The Woodcutter's Gift

Written by Lupe Ruiz-Flores and Illustrated by Elaine Jerome

Summary of the book

It all began when an old mesquite tree was blown over in a storm. All the town wanted to get rid of the tree because it was useless to them, but one person stands up for the tree. The town's woodcutter finds inspiration through this old tree to help better the community. But what will happen when the option to sell the gift to a museum is presented?

About the Author

Lupe Ruiz-Flores currently lives in San Antonio,Texas with her family. She got involved with Children's Literature by entering a writing competition and winning! Prior to being an author, Ruiz-Flores was an aerospace engineering technician. Ruiz-Flores is a strong believer of taking leaps of faith and chances in life.

About the Illustrator

Elaine Jerome has been illustrating books since she learned how to draw. Her love for artwork let her to her studies at the Academy of Art in San Fransisco. Elain currently lives in Lake Tahoe, California but has lived all around the country. Jerome chose illustrating for Children's Literature because it unites her past experiences and passions.

Read Aloud of The Woodcutter's Gift


The Woodcutter's Gift by adillon12

Standard and Objective

Grade level: 2nd grade

CCSS RL.2.3 - Describe how characters in a story respond to major events and challenges.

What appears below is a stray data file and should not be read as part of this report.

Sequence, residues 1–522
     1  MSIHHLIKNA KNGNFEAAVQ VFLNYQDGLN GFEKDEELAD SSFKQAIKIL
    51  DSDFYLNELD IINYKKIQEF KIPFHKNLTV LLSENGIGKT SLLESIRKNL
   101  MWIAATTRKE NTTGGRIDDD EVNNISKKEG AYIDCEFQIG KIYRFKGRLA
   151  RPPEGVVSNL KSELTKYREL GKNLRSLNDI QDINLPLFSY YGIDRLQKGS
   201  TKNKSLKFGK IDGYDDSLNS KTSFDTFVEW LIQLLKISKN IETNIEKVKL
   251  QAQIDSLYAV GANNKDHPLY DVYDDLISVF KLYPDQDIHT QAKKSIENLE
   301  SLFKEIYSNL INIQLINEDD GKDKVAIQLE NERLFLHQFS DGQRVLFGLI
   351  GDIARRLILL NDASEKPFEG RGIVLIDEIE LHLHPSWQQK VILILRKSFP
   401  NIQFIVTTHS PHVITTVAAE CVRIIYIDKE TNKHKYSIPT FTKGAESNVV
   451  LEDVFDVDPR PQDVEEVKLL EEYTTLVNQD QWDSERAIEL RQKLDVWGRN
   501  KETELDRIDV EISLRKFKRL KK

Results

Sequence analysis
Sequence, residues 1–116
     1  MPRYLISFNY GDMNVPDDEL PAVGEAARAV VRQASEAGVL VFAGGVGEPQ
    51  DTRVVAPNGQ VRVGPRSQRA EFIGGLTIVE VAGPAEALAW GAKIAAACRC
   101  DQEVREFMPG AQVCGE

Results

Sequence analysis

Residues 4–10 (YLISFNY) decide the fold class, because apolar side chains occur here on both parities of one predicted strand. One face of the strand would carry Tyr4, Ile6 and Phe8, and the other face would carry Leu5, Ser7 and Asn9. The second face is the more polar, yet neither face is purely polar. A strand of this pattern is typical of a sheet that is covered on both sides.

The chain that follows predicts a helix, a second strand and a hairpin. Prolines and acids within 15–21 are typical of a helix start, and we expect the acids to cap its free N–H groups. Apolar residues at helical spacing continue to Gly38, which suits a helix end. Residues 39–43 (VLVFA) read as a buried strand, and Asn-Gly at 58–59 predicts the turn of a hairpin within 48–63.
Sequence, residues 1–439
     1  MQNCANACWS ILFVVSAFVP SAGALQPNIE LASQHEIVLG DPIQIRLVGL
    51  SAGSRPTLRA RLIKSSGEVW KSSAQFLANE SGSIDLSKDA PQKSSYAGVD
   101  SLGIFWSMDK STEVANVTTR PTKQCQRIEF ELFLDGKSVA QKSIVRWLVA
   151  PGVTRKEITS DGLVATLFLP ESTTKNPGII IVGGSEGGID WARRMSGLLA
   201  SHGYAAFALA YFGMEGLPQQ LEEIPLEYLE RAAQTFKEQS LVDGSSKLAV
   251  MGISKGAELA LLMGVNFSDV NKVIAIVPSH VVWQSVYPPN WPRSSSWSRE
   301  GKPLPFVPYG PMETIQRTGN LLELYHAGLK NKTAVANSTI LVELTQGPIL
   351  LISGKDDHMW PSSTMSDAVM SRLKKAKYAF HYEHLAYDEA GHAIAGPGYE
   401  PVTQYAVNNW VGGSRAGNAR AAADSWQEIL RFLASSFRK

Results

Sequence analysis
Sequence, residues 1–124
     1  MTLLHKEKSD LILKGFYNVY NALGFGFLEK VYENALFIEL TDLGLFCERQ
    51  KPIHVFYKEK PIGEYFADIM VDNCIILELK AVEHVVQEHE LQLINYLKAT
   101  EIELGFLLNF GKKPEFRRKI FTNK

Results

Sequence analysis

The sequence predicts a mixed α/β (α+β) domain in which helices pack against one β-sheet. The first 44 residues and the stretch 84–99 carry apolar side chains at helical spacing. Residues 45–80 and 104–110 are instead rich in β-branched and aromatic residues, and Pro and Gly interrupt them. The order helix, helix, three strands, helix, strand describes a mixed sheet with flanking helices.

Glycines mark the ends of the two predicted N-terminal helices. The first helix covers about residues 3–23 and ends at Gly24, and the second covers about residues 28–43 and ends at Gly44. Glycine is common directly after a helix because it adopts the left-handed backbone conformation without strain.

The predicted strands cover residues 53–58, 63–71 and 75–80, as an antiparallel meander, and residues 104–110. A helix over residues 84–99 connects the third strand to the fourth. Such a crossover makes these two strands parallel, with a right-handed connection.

Objective: The student will analyze how the Woodcutter's reaction after the storm transforms the towns disposition and outlook on the little things in life.

The Woodcutter's Gift in the Classroom

  • The teacher will ask the students to think of a time when they encountered a major event that had an effect (positive or negative) on their life.
  • Questions to follow would include: How did you feel about the event that occured? How did it effect your attitude towards other things in your life?
  • The teacher will then read the story, The Woodcutter's Gift, to the class.
  • The students will then be asked to identify how the town reacts to the storm and compare them to the reaction of the woodcutter. What caused their attitudes to change? What are some differences in the towns appearance and companionship from the beginning and the end of the book?